Back in The Day, This Giant Kinky Toy Makes You Feel Alright

During its heyday in the 1960s and ‘70s, Magic Fingers Vibrating Bed was an American pop culture icon. It brought weary travellers 15 minutes of “tingling relaxation and ease” for a quarter in hotel dan motel rooms across America.

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The Englander Mattress Company came out with a mechanical vibrating mattress in 1958, and salesman John Houghtaling was working hard trying to sell their new contraption to hotels and motels. He hit a stumbling block, though; while hoteliers liked the product, they didn’t want to dispose of hundreds of perfectly good mattresses to replace them with vibrating models. Tinkering in the basement of his New Jersey home, John Houghtaling invented Magic Fingers. It consisted of a small electric motor, about half the size of a coffee can, with an off-center weight on the shaft. The device could be connected to four coil springs inside of an existing mattress. The coin-operated device would then mounted onto a hotel bed.

Park yourself on that bed, slip a quarter in the attached coin box slot, it would shake the mattress for 15 minutes. Imagine that you are sleeping on a giant purring cat. Let everything go and enjoy the sensation as your body was reduced to a useless puddle of flesh. Melted.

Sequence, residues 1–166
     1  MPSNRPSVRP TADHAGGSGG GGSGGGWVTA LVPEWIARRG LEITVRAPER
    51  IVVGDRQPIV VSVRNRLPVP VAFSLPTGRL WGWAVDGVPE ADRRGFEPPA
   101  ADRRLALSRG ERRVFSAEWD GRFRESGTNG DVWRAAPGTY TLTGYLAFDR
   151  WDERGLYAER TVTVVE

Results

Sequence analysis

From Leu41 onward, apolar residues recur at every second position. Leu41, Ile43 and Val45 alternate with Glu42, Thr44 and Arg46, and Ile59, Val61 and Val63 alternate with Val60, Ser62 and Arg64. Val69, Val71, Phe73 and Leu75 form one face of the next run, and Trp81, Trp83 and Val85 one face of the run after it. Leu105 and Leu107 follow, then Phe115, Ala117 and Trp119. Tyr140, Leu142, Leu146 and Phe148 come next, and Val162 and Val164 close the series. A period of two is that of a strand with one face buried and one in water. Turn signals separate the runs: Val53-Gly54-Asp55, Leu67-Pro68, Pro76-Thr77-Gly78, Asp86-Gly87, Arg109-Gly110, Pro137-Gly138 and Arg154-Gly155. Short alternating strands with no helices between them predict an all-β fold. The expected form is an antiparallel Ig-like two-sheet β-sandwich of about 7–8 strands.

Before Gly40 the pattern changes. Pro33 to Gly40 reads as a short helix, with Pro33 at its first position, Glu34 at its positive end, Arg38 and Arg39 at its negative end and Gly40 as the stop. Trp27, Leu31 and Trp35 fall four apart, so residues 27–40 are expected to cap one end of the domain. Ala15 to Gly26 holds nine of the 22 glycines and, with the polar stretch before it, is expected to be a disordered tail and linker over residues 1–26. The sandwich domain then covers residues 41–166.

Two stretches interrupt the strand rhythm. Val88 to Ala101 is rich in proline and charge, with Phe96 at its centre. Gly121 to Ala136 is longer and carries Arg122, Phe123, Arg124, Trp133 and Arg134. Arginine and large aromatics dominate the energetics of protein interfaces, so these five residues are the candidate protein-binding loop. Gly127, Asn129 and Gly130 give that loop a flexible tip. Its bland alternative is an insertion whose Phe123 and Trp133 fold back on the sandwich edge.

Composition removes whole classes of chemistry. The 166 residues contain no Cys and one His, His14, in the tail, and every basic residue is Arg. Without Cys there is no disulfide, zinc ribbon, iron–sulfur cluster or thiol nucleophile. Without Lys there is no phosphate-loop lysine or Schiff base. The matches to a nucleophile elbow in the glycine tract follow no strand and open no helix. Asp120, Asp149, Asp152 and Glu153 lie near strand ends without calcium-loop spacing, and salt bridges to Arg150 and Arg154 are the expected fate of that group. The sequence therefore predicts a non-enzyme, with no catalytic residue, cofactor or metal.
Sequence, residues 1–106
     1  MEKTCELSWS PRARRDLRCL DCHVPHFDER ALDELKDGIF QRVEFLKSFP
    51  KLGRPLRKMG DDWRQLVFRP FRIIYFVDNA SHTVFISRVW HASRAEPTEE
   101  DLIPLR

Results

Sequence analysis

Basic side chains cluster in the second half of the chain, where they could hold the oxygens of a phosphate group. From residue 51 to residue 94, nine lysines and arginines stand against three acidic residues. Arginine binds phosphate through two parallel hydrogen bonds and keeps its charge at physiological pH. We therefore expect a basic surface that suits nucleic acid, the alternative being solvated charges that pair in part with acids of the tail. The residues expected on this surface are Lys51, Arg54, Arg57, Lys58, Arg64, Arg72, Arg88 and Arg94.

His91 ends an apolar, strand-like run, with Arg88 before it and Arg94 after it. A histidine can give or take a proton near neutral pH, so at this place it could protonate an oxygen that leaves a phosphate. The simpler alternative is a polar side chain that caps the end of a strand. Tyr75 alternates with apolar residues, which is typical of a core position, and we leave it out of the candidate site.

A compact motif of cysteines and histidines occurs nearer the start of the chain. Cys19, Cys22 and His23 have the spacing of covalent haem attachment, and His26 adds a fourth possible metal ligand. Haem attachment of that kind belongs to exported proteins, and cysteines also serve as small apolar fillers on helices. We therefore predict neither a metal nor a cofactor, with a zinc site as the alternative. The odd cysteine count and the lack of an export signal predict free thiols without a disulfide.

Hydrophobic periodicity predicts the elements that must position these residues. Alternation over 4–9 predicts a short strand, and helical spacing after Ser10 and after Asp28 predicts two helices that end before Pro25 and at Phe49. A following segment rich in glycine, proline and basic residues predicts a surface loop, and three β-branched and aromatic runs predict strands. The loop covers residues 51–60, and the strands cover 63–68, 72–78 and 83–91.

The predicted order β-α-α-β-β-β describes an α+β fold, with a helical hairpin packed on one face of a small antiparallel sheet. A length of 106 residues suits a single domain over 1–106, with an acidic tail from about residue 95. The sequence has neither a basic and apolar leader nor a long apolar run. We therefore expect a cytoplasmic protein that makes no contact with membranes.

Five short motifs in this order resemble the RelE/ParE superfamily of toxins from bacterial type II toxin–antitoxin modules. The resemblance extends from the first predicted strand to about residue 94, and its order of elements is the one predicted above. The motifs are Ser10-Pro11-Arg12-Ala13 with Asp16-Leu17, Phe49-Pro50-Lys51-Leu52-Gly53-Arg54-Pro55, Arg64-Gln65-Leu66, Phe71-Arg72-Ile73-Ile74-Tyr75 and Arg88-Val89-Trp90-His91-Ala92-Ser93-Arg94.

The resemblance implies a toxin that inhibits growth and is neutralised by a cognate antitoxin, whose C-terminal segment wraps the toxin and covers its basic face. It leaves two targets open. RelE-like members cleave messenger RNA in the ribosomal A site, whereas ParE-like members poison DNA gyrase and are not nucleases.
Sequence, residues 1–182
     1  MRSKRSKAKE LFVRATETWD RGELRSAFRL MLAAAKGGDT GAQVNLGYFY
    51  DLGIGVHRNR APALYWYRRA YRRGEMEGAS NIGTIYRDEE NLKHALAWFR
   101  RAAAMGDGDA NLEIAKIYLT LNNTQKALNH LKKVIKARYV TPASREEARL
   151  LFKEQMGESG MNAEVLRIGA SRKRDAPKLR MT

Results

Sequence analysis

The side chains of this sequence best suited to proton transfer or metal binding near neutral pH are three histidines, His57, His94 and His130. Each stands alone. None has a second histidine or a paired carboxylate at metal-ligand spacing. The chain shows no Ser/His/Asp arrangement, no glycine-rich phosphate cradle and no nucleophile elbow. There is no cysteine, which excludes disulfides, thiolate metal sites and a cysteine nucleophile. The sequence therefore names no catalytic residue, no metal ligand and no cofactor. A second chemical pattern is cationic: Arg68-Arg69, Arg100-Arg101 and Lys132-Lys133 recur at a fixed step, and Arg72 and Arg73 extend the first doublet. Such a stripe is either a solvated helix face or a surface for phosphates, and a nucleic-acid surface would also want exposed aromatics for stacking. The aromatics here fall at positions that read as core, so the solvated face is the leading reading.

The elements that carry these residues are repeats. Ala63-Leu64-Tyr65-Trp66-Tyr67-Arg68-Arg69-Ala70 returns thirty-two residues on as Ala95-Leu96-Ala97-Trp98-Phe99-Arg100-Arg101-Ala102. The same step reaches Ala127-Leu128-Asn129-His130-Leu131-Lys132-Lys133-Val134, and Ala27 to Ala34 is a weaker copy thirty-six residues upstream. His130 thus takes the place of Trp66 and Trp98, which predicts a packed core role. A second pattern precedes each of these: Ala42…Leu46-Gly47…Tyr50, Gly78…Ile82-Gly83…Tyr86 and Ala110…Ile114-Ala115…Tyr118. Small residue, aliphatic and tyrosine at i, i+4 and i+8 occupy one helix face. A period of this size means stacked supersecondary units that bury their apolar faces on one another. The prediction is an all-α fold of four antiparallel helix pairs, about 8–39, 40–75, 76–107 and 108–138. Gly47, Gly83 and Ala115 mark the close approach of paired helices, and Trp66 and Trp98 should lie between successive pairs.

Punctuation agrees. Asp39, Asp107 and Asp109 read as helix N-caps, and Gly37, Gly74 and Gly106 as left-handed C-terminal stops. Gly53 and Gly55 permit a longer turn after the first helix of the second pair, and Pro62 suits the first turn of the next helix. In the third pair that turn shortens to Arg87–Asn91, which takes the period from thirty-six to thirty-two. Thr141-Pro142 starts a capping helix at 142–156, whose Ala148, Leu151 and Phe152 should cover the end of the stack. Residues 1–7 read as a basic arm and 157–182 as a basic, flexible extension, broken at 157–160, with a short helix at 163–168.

Put in a quarter, turn out the light. Magic fingers makes you feel alright. Feel alright, feel alright. Magic fingers makes you feel alright.

Jimmy Buffett – This Hotel Room

That was before they became a standard cliché involving “adult” motels though. The tide first began to turn in 1967, when the Best Western chain announced that it was removing all coin-operated devices from their rooms as they felt they “cheapened” the company’s image. Eventually other chains followed suit, particularly when vibrating beds became a common joke in movies and on TV when making reference to a sleazy truck stop or den of iniquity.

Kitschy and titillating, Magic Fingers remained a staple of American pop culture even after the device began disappearing from hotels and motels. The vibrations triggered a beer explosion in the movie “Planes, Trains and Automobiles,” and FBI Agents Mulder and Scully relaxed to the pulsations in an episode of “The X-Files.” Dean from “Supernatural” series is very, very fond of it, and always delighted when he encounters it in various motels.

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Nowadays where could we find this promising escape from the work-a-day non-vibrating bed world? Apparently the company is still around, at least in name. There is an information at their website that they only offer the home game version of Magic Fingers.  In a way, it seems like Magic Fingers would work better at home anyway.

It has probably been used less for its therapeutic advantages, and more as a giant kinky toy.

ODDLOOP

ODDLOOP

A little bit of perversion, a dash of poignancy, and a spoonful of audacity.
ODDLOOP

ODDLOOP

A little bit of perversion, a dash of poignancy, and a spoonful of audacity.